GET READY …
The 2017 hurricane season in the Atlantic Ocean is officially underway … and forecasters are expecting it to be a busy one.
Hurricane season officially runs from June 1 through November 30 – reaching its climax in early September. According to Colorado State University (CSU)’s Tropical Meteorology Project, the upcoming season will produce fourteen named storms – including six hurricanes and two major hurricanes. Meanwhile the National Oceanic and Atmospheric Administration (NOAA) is calling for anywhere from eleven to seventeen named systems, with 5-9 hurricanes and 2-4 major hurricanes.
Here’s a look at the NOAA forecast …
(Click to view)
For those of you keeping score at home, a major hurricane is one packing wind speeds of 111 miles per hour or higher – which equates to a category three or strong storm on the Saffir-Simpson scale.
“The outlook reflects our expectation of a weak or non-existent El Niño, near- or above-average sea-surface temperatures across the tropical Atlantic Ocean and Caribbean Sea, and average or weaker-than-average vertical wind shear in that same region,” said Gerry Bell, the lead seasonal hurricane forecaster with NOAA’s Climate Prediction Center.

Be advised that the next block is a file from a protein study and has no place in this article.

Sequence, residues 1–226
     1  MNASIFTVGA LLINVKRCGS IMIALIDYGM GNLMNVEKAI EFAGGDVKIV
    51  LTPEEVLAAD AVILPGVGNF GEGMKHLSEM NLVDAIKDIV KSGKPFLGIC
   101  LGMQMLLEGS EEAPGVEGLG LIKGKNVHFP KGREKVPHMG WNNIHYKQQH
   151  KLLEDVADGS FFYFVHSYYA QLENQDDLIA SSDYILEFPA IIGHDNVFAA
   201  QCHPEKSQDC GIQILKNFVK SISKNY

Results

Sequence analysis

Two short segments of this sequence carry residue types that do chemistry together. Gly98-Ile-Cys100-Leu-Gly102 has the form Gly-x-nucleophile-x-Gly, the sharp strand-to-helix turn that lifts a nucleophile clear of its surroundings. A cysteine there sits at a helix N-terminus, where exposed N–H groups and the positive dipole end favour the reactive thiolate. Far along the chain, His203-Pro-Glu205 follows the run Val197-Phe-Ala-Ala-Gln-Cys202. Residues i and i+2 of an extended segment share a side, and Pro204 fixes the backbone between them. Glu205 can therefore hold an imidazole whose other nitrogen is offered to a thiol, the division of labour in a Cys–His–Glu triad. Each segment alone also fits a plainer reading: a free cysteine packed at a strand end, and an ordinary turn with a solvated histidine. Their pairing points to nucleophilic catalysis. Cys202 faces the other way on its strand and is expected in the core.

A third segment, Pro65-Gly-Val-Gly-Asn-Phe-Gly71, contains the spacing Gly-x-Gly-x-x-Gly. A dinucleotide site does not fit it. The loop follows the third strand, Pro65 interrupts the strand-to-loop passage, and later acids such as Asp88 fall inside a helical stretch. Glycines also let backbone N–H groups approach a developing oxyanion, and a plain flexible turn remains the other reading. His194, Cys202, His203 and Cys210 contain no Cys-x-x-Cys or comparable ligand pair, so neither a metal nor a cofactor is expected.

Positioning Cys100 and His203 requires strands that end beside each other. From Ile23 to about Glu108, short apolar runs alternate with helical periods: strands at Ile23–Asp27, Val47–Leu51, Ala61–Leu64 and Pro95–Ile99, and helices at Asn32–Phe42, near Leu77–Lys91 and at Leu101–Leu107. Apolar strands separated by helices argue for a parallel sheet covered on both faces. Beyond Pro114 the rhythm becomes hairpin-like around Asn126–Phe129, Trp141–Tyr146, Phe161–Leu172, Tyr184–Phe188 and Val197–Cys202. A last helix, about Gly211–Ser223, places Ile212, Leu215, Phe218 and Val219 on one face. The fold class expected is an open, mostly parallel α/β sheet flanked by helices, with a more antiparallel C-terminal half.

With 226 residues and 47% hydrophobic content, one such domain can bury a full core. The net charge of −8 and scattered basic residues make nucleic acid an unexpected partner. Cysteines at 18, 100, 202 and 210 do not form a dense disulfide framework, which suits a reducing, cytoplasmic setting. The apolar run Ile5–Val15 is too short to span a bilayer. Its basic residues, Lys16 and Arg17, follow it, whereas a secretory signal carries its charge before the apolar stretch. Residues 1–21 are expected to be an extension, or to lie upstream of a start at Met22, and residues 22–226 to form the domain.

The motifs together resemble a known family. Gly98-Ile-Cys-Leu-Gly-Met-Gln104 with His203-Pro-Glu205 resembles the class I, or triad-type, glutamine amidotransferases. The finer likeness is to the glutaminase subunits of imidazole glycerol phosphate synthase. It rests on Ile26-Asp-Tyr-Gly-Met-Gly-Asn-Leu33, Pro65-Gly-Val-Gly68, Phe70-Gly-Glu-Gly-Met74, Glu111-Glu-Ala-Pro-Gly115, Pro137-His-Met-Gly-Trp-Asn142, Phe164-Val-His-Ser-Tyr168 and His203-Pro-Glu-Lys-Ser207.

El Niño is the periodic warming of the central and eastern equatorial regions of the Pacific Ocean – while La Niña refers to the cooling of the Pacific that takes place in its aftermath.
During El Niño years, hurricanes are less likely to form in the Atlantic due to increased wind shear. In fact from 2014-2015 – when El Niño conditions were prevailing – there were only nineteen named systems and ten hurricanes (four of which developed into major storms). By contrast, between 2010-12 – when La Niña conditions prevailed – there were 57 named storms and 29 hurricanes (of which eleven developed into major systems).
Ready for the storm names?
(Click to view)
Wow … Ophelia?
Jamie Lee Curtis would be proud …
Last year’s season saw sixteen named storms, including seven hurricanes and four major hurricanes. Most notable among them? Hurricane Matthew, which made landfall in South Carolina as a category one storm after scraping the coasts of Florida and Georgia.
South Carolina has seen twenty-four hurricane landfalls since 1893 – the most infamous being Hurricane Hugo in 1989.
WANNA SOUND OFF?
Got something you’d like to say in response to one of our stories? In addition to our always lively comments section (below), please feel free to submit your own guest column or letter to the editor via-email HERE or via our tip-line HERE …
Banner via iStock